Oceanfront homes in Southampton.

Oceanfront homes in Southampton. Credit: Bloomberg/Johnny Milano

East End home sales plummeted in the first quarter, with deals in the Hamptons and the North Fork falling to a 14-year low, according to new data from Douglas Elliman and Miller Samuel.

Real estate experts attributed the decline to a combination of a shortage of listings and rising interest rates taking a toll on the luxury real estate destinations, where homebuyers are often shopping for vacation homes.

The slowdown in deals had a more muted effect on prices. The median price among Hamptons sales that closed in the first quarter was $1.36 million, which was 2.9% lower than in the first quarter of 2022. The median price in the region peaked at $1.6 million, which was set during the second quarter last year and matched in the third quarter.

There were 171 Hamptons sales that closed during the first quarter, which was down 56.7% from the same period a year ago. It was the second-lowest number of deals recorded in a quarter since the firms started tracking the market in 2005. The fewest was 145 deals in the first quarter of 2009.

One factor contributing to the dearth of deals is listings that are priced too high. After home prices broke record after record in recent years, sellers haven’t adjusted, said Jonathan Miller, CEO of appraisal firm Miller Samuel.

“A lot of inventory that’s come onto the market isn’t priced for the new market,” he said. “It’s priced for 2021.”

The poor first-quarter showing didn’t come as a surprise to Judi Desiderio, CEO of Town and Country Real Estate, which has eight offices on the East End. Because it can take several months to finalize sales, data on first-quarter closings reflects activity in late 2022 and the early winter months, she said.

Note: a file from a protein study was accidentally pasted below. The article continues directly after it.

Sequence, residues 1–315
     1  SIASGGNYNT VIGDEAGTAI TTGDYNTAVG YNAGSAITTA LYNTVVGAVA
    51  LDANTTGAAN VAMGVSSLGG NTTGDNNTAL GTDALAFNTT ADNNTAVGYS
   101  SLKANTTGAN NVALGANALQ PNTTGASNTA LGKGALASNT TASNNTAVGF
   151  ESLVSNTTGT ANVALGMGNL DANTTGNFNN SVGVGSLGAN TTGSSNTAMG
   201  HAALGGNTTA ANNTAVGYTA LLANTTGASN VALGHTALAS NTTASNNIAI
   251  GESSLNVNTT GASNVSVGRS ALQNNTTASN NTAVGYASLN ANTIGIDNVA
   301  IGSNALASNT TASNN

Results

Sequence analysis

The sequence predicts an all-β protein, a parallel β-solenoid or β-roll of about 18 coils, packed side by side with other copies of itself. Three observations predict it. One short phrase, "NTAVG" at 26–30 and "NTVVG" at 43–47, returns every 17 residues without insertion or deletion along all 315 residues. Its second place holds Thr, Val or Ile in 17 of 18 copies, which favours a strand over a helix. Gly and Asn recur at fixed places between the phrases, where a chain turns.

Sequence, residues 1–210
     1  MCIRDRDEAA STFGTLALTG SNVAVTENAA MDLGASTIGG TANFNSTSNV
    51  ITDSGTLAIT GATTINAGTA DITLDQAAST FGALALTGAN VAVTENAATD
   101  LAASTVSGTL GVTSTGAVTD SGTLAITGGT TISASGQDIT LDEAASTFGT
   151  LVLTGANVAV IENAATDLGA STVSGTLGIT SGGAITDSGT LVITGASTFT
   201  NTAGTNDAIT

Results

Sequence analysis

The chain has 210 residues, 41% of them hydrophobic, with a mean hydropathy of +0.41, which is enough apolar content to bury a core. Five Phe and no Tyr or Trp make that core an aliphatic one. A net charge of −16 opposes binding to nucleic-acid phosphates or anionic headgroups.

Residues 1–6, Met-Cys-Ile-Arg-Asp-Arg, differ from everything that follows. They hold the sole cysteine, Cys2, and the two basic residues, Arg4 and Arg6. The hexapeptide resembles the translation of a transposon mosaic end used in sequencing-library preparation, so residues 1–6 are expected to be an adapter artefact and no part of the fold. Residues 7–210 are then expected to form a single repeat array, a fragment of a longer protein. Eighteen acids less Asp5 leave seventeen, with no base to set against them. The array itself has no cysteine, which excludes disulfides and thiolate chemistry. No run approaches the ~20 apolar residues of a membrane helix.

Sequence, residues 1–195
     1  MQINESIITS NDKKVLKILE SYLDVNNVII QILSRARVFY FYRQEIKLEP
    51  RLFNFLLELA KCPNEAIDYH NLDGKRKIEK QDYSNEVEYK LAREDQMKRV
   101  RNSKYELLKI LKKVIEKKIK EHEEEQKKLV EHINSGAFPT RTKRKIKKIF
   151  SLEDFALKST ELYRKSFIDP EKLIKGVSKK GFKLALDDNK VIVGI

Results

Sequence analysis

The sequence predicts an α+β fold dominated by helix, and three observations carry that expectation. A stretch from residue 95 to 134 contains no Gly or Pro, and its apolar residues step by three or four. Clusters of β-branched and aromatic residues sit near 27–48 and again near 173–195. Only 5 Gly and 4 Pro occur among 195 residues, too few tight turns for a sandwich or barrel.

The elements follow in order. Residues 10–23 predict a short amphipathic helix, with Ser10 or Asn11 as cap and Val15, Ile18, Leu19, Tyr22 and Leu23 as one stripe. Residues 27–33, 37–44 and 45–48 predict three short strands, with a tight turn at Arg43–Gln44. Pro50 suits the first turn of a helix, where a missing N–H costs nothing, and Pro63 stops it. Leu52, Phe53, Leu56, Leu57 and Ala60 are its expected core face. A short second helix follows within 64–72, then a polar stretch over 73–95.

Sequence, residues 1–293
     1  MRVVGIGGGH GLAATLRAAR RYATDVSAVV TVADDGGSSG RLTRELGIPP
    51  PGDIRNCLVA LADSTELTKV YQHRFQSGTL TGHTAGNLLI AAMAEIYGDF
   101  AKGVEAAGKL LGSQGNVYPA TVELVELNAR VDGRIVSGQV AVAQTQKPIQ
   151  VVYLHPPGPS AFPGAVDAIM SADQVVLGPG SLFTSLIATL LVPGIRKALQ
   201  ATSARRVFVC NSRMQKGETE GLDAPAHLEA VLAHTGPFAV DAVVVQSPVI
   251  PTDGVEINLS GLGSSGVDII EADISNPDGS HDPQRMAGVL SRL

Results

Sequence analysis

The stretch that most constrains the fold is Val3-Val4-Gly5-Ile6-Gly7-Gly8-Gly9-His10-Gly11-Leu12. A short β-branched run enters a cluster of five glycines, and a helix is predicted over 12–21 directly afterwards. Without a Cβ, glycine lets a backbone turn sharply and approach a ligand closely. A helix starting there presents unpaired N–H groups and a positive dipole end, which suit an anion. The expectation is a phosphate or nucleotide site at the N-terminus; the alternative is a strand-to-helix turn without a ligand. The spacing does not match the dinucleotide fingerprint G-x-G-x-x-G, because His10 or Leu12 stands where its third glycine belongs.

“From November until the last week of February, it was like crickets,” said Desiderio, who publishes separate market reports focused exclusively on East End single-family home sales. “There was little to no activity going on.”

Far fewer homebuyers on the East End use mortgages to purchase homes than on the rest of Long Island, but rising interest rates  have affected the market in other ways, Desiderio said.

The S & P 500 Index lost 18% last year, as the Federal Reserve raised its benchmark interest rate seven times. The average bonus paid to Wall Street securities employees fell 26% to $176,700 last year as well, while large U.S. technology firms have laid off tens of thousands of employees.

“Even though potential purchasers might not be on the chopping block, they’re feeling a tightening of the belt,” Desiderio said.  “Maybe instead of making the decision to buy, you made the decision to rent for another year."

North Fork prices fared better but few sales were closed in the winter. The median price on the North Fork increased 10.3% to $935,000 compared with the first quarter a year ago. There were only 77 deals closed in the first quarter, which was down one-third from a year ago.

By the end of March, there were only 141 homes on the market on the North Fork, an improvement from last year, but still about half as many as were available before the pandemic.

“We have so many buyers looking and waiting — buyers that weren’t able to make the transaction during COVID because they continuously got outbid,” said Todd Bourgard, Douglas Elliman’s CEO of Long Island, Hamptons and North Fork. “Those people are still here … and we’re beginning to see an uptick of listings.”

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